Thursday, March 18, 2010

Another Q-Poll is out

I don't know about you, but I find all the polling this far out just a bit silly. I typically dislike answering poll questions because I'm so terribly busy all the time (LOL!) and even though I shouldn't, whenever I see "Political Call" show up on the caller ID, I let it go to directly to voice mail.

But some of you guys obviously do answer the questions, because here's another Quinnipiac Poll. And of course, I have some thoughts about it.

In the governor's race, Tom Foley has a significant lead over his challengers for the Republican nod, while Ned Lamont and Dan Malloy are in a closer contest. Malloy has gained slightly, but still trails Lamont by 10 points. This is the third straight poll where Lamont has led Malloy by double digits.

However, in both races the undecided voters make up the largest margins; 44% for the Democrats and 50% for the Republicans. Which indicates that the candidates are going to have more work to do to get their message out to the voters.

This poll only addressed the primaries, not the general election (probably because of the complexity of this poll) so we can expect to see another poll sometime soon that discusses potential November match ups.

For Attorney General, current Secretary of State Susan Bysiewicz holds a commanding lead with 54% of Democratic voters over George Jepsen's 10% and the rest of the field 2% or less.

Apparently we also want to buy booze on Sundays, and we don't like Keno or tolls.

Regarding the booze, I worry a bit for the mom & pop liquor stores that would be greatly inconvenienced if they had to work an extra day each week. I've lived under our state's liquor sales policy all my life, and honestly, I don't think it's that big a deal to take one day off a week from buying booze.

I somehow still manage to sufficiently punish my liver with a mere six days of shopping; I can easily live without a seventh.


oldswede said...

One problem with endless polling is that it allows the media to cover the rankings instead of the issues. It's like when movies started to be evaluated by the size of the box office sales instead of content. Easy to report but really meaningless.
After reading some surveys, especially from the Pew Family Foundation, it seems that low-information voters are the majority. Their opinions on almost everything are based on hearsay and rumor, mostly. Sad and scary.
So, what conclusions can we draw from the opinions of people who don't have a clue?

Anonymous said...

I meant to add a link to the Pew poll - Political News IQ Update

I don't think Sunday liquor sales are a great idea, but tax revenue is slipping across the borders. Gotta scrape up every nickel so that we don't inconvenience our wealthy.

Nopartisan said...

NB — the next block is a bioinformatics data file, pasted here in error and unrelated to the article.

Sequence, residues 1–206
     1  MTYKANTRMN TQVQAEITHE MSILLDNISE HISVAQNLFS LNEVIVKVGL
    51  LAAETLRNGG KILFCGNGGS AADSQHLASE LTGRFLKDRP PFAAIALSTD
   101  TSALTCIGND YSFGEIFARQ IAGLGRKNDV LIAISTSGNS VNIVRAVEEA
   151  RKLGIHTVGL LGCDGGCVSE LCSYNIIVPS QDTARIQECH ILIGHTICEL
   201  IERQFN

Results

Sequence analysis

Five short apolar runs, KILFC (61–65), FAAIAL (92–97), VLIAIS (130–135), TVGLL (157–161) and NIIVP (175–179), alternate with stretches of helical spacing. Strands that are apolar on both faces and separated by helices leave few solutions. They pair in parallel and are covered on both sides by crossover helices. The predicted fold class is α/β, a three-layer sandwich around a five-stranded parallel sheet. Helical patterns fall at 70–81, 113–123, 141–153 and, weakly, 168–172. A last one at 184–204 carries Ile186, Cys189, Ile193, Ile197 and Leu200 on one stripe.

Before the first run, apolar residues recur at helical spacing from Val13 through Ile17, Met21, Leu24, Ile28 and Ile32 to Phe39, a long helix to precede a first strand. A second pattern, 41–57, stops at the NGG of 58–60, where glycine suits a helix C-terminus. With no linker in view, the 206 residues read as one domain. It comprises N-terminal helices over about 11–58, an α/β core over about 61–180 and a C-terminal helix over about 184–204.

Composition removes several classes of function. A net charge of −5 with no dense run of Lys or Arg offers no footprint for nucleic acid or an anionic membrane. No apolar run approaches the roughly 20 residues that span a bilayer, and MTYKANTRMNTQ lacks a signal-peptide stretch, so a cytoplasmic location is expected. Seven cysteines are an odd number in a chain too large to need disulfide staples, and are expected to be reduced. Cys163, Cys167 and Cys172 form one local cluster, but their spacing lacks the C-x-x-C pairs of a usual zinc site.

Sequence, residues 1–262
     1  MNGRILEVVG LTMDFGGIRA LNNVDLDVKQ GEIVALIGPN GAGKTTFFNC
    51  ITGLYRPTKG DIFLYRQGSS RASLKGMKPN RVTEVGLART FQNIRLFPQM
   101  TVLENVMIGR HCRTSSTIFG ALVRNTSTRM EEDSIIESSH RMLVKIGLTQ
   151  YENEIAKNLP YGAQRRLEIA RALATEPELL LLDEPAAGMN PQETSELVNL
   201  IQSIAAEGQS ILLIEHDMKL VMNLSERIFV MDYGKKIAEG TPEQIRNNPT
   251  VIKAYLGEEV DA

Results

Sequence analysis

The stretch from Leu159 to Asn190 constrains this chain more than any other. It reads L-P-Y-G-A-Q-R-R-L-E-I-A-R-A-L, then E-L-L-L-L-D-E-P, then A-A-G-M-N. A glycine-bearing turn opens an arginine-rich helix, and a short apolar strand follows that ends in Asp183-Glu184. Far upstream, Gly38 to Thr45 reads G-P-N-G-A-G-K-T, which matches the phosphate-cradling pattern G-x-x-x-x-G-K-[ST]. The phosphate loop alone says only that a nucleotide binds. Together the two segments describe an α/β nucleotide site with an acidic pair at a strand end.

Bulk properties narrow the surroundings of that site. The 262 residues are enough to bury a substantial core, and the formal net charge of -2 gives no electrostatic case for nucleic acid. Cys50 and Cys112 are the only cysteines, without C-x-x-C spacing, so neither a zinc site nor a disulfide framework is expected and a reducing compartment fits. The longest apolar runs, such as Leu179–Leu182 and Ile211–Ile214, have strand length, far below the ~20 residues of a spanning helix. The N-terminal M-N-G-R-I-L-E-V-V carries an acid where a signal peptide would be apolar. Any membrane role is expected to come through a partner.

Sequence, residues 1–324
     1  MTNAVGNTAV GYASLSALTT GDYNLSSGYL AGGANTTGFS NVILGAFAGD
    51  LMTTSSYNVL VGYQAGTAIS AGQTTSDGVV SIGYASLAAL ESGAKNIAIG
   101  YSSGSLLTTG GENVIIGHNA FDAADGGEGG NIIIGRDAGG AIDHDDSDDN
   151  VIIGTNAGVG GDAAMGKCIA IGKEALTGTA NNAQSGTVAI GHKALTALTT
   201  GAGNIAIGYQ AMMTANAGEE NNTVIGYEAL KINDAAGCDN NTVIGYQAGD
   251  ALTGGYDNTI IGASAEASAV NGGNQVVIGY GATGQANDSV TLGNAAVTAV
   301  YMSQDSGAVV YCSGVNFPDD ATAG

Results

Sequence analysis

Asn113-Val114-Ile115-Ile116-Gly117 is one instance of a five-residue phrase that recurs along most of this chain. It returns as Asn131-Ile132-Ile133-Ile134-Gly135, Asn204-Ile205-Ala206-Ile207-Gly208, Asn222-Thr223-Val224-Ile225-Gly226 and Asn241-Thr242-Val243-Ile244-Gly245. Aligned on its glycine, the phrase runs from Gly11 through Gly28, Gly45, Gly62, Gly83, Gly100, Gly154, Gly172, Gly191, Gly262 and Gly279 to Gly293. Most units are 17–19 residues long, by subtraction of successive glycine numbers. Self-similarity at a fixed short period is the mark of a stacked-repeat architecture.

When the wealthy have left or can't be taxed further then where do you get revenue? Is it not better to knock the spending crap off and strive for a real efficient government? Is it not better to now in a crisis create a sustainable economic climate.

One of the biggest problems with continuing to look to the wealthy is that the definition of wealthy constantly gets lower. Like the federal alternative minimum tax which every year ensnares more and more people sooner or later a family of 4 making $80,000 a year will be considered wealthy.

As to the opinions of the voters, thats the way it is in a democracy. Perhaps those smarter than the rest would prefer the Iranian model or possibly create a Hugo Chavez type model in which once in power those of higher intelligence can then squash freedom of speech and close the dumb peoples media outlets.

oldswede said...

1. The wealthy are wealthy because they benefit the most from the social and economic organization provided by the government. In return, it is fair that they return proportionately. Current tax rates are far lower than they have been in past and the rich are still with us.
2. If the alternate minimum tax bothers you, call your representatives.
3. Americans are much less engaged in the political process than the citizens of other countries. You need to try to look beyond our borders.

Nopartisan said...

I am not saying the rich shouldn't pay more, they should. My point is that eventually raising their tax rates won't be a viable option. Now is the time to learn to create an economy where we don't need to look to a sugar daddy to bail us out.

The AMT? I already have voiced my concerns to our "reps" over whether the annual patch will be applied, or if this is the year the middle class will be considered wealthy. Millions of families look toward the federal refund and without the patch or elimination of the AMT, most will be owing several thousand next year. The answer from their offices? chirp, chirp, chirp

Again as free people we can participate as little as we want. I really don't care what other countries do in this regard. Watch the news and I see riots in Greece, racial conflict in other parts of Europe, financial turmoil the world over, the Russian bear aggressive once again, chinese sweat shops turning out poison, little craphead dictators talking bull. And to top it off we have the idiot in Iran who thinks he can hasten the return of the 12th mahdi. Wonder why he may want a nuke? So, no I don't really need to be enlightened with the crap other countries do.

All I ask of those who aren't up on politics is don't complain if you don't vote or vote without knowing what the issues are.